fell at a slower 5.3%
in May as
began to recover
By Jeffry Bartash, Reporter for MarketWatch in Washington
Rehiring of millions of workers, federal benefits prop up economy
The numbers: Consumer borrowing fell at a slower 5.3% annual pace in May after a huge decline in April, as the economy began to recovery from the deepest downturn in American history.
Total consumer credit dropped by an annual rate of $18.2 billion in May, compared to a much larger $70.2 billion plunge in April, according to Federal Reserve data released Wednesday.
The use of credit sank in April at the height of the coronavirus pandemic by a 20% rate, marking the biggest decline since World War Two. Many businesses were forced to close, millions of people lost their jobs and spending tumbled as anxious Americans saved their money.
The U.S. economy began to reopen in May and the government doled out trillions of dollars in business loans, more generous unemployment benefits and other measures to save a sinking economy.
What happened: Revolving credit, like credit cards, declined at a nearly 29% clip in May. In April, revolving credit shrank by a record 65%.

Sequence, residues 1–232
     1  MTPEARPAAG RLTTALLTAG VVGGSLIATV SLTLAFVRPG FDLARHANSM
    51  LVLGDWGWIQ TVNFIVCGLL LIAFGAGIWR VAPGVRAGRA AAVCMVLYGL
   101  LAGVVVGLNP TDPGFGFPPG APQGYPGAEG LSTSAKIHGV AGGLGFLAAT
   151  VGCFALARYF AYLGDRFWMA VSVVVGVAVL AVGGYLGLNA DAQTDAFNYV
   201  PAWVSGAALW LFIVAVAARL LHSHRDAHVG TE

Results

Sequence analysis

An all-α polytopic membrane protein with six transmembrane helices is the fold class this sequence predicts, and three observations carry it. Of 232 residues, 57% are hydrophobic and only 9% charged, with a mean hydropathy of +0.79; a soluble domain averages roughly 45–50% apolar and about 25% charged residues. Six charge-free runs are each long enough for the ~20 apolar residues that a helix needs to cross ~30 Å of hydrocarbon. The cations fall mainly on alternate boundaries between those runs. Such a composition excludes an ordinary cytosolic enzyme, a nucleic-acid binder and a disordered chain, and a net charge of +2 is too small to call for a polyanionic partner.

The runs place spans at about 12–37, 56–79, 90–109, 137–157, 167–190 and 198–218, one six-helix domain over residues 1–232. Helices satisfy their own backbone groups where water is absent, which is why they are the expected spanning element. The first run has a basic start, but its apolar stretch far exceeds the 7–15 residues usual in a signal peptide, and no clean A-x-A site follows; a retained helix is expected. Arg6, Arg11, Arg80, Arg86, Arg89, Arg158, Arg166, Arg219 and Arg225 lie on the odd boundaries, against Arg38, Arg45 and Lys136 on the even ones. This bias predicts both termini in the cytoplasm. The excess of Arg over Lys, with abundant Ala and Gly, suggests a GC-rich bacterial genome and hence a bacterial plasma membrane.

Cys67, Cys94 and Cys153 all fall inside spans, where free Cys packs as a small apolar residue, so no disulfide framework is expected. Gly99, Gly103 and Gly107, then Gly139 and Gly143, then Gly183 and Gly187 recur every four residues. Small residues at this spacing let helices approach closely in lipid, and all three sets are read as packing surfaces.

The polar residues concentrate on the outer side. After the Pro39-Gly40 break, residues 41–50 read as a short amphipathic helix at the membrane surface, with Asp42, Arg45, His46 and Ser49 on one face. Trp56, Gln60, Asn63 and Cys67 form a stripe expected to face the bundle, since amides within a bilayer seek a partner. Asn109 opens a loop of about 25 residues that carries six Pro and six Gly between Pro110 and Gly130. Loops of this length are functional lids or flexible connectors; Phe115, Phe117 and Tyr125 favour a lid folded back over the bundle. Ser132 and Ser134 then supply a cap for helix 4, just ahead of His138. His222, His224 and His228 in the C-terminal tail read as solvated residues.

Yet nonrevolving credit, typically auto and student loans, actually rose 2.3%. Auto sales rebounded during the month.
The Fed’s credit data does not include mortgage loans.
Big picture: Most households naturally cut back on spending during the early stages of the pandemic, unsure of their own job security and what would happen to the economy.
Generous government aid and the return of 7.5 million people to their jobs in May and June has given boost to spending, but it’s likely to remain depressed until the threat from the coronavirus fades.
Market reaction: The Dow Jones Industrial Average DJIA, -0.46% and S&P 500 SPX, -0.84% rose slightly in Wednesday trades.
This article was originally published By Jeffry Bartash, marketwatch.com.
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